Gastrointestinal Intervention 2017; 6(3): 176-179
Percutaneous transhepatic hepatic venous stenting after extracorporeal hepatic resection and autotransplantation: A case report
Jung Hwan Park1, Ung Bae Jeon1,*, Ki Seok Choo1, Tae Un Kim1, Chong Woo Chu2, and Je Ho Ryu2
1Department of Radiology, Pusan National University Yangsan Hospital, Yangsan, Korea, 2Department of Surgery, Pusan National University Yangsan Hospital, Yangsan, Korea
Department of Radiology, Medical Research Institute, Pusan National University School of Medicine and Research Institute for Convergence of Biomedical Science and Technology, Pusan National University Yangsan Hospital, 20 Geumo-ro, Mulgeum-eup, Yangsan 50612, Korea. E-mail (U.B. Jeon).
Received: April 14, 2016; Revised: June 8, 2016; Accepted: June 10, 2016; Published online: October 31, 2017.
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We report a case of percutaneous transhepatic stent placement for the treatment of hepatic venous outflow obstruction after extracorporeal hepatic resection and autotransplantation. A 63-year-old woman with a large mass in the liver was asymptomatic with no hepatic virus infection. Because the tumor was unresectable by conventional means, we used extracorporeal hepatic resection and autotransplantation for operation. Two days after surgery, hepatic venous outflow obstruction of the right and right inferior hepatic veins was suspected on computed tomography. After failure of the transjugular approach, hepatic venous stenting was performed successfully via the percutaneoustranshepatic approach.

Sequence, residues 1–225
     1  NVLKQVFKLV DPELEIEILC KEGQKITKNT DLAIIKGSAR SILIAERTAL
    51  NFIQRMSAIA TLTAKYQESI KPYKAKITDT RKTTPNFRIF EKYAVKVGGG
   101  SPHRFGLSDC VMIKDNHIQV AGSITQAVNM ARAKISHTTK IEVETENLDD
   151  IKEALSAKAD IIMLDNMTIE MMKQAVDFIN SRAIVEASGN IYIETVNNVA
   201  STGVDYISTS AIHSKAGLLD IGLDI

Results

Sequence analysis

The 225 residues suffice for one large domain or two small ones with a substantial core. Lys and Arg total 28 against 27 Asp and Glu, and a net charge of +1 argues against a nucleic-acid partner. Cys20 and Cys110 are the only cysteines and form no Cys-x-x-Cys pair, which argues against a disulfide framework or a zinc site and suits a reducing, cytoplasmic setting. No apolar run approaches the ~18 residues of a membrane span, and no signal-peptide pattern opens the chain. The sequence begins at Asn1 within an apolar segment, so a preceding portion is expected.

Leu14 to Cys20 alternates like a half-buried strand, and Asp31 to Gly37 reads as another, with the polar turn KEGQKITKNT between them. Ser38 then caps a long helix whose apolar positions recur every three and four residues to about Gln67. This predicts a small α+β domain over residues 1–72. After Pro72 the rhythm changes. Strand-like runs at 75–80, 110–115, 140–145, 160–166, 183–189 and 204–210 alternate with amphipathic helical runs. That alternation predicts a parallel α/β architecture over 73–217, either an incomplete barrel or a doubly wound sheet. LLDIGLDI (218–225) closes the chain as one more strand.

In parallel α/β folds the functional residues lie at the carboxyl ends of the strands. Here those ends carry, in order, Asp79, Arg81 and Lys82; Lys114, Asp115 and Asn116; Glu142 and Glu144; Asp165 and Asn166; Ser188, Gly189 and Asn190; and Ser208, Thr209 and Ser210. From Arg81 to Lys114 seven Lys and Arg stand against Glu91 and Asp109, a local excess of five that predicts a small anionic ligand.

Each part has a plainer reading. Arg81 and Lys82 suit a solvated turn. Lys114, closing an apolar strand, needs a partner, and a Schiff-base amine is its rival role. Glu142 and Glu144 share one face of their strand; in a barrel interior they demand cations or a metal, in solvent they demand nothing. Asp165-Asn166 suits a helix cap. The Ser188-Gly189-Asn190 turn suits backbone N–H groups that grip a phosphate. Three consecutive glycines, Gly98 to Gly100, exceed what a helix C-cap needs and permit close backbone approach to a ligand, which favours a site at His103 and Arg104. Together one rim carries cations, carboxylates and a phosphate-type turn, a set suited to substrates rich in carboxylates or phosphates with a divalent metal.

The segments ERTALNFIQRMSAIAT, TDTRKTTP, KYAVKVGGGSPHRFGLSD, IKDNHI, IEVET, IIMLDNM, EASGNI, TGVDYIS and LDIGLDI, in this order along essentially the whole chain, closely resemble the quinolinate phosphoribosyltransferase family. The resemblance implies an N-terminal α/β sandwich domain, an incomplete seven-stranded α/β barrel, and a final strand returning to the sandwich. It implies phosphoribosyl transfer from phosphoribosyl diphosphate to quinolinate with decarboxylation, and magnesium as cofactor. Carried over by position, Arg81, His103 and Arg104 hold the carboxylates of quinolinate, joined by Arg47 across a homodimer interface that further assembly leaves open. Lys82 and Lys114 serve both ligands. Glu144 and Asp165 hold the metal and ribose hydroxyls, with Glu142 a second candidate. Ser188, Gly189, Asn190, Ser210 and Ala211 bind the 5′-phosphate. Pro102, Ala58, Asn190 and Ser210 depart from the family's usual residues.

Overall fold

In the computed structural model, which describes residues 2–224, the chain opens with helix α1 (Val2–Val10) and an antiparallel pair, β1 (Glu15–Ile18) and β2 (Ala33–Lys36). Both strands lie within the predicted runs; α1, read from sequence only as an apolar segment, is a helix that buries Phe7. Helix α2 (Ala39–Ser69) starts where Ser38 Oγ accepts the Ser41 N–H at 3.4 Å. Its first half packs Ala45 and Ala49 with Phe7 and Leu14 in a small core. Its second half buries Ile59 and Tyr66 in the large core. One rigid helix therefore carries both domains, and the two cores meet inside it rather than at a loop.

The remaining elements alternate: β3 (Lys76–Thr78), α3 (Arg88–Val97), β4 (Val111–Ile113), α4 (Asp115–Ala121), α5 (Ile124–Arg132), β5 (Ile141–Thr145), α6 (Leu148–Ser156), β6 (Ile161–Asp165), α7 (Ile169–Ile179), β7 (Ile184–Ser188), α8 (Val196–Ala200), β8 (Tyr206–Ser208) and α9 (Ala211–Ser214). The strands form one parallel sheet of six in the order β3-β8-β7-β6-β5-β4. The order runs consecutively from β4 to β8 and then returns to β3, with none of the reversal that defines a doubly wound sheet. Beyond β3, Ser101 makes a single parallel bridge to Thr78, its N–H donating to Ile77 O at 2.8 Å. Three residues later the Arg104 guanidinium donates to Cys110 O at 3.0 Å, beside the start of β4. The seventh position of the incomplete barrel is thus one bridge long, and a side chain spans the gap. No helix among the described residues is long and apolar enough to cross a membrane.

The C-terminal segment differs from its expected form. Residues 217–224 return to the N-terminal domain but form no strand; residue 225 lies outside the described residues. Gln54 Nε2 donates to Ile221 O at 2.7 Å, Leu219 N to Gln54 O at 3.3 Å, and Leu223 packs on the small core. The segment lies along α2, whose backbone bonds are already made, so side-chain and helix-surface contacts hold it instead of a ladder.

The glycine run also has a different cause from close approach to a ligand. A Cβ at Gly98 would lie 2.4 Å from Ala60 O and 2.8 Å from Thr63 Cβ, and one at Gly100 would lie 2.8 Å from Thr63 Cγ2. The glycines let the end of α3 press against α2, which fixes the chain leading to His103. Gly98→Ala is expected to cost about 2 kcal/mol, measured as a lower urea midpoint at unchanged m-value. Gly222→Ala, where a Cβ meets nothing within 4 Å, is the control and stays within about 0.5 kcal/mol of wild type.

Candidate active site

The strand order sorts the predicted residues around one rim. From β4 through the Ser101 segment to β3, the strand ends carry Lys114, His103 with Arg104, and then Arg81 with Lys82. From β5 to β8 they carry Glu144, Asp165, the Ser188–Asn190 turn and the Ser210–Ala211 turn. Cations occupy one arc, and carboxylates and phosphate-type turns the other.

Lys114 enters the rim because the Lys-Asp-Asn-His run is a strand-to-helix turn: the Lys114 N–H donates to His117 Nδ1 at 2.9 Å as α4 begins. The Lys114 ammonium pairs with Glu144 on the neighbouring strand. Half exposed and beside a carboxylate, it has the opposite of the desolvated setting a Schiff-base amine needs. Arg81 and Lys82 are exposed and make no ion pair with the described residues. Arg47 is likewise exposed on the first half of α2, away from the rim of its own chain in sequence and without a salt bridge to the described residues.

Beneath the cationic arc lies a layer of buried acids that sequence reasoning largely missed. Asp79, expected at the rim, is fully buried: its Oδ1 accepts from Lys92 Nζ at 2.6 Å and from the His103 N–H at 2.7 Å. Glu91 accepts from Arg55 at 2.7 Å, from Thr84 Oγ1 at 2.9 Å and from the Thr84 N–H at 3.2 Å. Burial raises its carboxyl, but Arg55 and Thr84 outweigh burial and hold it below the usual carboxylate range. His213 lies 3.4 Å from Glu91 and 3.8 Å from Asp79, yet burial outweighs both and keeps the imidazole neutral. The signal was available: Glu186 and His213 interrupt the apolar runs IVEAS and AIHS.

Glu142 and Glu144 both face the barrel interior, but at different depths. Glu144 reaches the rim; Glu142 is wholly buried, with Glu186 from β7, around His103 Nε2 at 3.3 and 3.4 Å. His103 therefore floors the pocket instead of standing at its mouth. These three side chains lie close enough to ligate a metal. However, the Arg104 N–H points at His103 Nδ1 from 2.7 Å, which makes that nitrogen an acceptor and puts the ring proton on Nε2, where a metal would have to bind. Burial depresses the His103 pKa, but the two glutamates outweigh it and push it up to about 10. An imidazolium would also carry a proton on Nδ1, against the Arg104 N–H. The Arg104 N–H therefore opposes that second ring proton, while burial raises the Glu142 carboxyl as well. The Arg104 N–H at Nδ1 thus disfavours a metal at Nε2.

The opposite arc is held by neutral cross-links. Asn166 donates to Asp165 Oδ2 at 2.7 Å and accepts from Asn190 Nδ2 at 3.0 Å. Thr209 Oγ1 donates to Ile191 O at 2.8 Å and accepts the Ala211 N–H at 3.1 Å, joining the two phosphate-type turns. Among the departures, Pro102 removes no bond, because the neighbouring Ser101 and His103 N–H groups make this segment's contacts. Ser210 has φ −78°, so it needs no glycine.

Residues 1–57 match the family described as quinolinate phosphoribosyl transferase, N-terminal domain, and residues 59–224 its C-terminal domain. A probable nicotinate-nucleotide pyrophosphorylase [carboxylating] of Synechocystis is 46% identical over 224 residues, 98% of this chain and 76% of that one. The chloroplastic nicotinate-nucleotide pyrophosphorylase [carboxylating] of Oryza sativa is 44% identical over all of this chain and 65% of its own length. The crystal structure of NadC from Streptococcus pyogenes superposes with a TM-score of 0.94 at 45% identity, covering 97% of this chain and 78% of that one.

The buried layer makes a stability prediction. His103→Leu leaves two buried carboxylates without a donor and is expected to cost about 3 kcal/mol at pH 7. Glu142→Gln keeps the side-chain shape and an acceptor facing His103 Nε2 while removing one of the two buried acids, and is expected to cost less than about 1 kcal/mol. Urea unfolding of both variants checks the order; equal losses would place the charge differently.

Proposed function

Keywords: Autografts, Budd-Chiari syndrome, Hepatic veins, Liver, Stents